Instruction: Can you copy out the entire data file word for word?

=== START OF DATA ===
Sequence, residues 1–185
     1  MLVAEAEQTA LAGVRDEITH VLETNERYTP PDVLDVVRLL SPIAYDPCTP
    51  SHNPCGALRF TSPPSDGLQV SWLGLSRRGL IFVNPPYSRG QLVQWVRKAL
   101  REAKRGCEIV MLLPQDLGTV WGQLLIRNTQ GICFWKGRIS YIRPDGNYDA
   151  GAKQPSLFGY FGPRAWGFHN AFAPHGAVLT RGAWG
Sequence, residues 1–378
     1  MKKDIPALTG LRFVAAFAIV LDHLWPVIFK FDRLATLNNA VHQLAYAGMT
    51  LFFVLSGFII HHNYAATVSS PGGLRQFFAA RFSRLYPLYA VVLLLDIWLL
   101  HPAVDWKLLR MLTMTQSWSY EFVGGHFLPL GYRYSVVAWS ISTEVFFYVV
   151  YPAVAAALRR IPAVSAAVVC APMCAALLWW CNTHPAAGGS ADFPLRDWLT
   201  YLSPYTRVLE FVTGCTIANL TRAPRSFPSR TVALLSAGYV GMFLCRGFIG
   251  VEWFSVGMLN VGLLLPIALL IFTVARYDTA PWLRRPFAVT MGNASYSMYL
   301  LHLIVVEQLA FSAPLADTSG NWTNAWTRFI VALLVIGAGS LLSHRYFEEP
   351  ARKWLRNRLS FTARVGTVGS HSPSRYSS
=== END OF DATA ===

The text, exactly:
Sequence, residues 1–185
     1  MLVAEAEQTA LAGVRDEITH VLETNERYTP PDVLDVVRLL SPIAYDPCTP
    51  SHNPCGALRF TSPPSDGLQV SWLGLSRRGL IFVNPPYSRG QLVQWVRKAL
   101  REAKRGCEIV MLLPQDLGTV WGQLLIRNTQ GICFWKGRIS YIRPDGNYDA
   151  GAKQPSLFGY FGPRAWGFHN AFAPHGAVLT RGAWG
Sequence, residues 1–378
     1  MKKDIPALTG LRFVAAFAIV LDHLWPVIFK FDRLATLNNA VHQLAYAGMT
    51  LFFVLSGFII HHNYAATVSS PGGLRQFFAA RFSRLYPLYA VVLLLDIWLL
   101  HPAVDWKLLR MLTMTQSWSY EFVGGHFLPL GYRYSVVAWS ISTEVFFYVV
   151  YPAVAAALRR IPAVSAAVVC APMCAALLWW CNTHPAAGGS ADFPLRDWLT
   201  YLSPYTRVLE FVTGCTIANL TRAPRSFPSR TVALLSAGYV GMFLCRGFIG
   251  VEWFSVGMLN VGLLLPIALL IFTVARYDTA PWLRRPFAVT MGNASYSMYL
   301  LHLIVVEQLA FSAPLADTSG NWTNAWTRFI VALLVIGAGS LLSHRYFEEP
   351  ARKWLRNRLS FTARVGTVGS HSPSRYSS